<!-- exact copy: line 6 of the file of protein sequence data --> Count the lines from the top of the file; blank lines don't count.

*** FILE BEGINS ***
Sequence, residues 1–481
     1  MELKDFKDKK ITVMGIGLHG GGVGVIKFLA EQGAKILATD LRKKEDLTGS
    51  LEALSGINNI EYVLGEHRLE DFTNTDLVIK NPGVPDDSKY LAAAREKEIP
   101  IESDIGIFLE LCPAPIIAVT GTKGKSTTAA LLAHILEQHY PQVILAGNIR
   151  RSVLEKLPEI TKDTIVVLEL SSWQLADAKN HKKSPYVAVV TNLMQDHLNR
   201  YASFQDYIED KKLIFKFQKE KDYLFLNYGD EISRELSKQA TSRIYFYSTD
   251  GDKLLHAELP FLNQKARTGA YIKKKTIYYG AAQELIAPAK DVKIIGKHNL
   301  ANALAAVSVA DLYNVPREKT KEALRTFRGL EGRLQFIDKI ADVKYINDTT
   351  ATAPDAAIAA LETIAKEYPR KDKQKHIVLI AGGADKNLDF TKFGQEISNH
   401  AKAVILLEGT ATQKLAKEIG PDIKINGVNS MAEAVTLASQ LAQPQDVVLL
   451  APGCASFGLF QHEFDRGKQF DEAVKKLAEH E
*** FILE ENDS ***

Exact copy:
   201  YASFQDYIED KKLIFKFQKE KDYLFLNYGD EISRELSKQA TSRIYFYSTD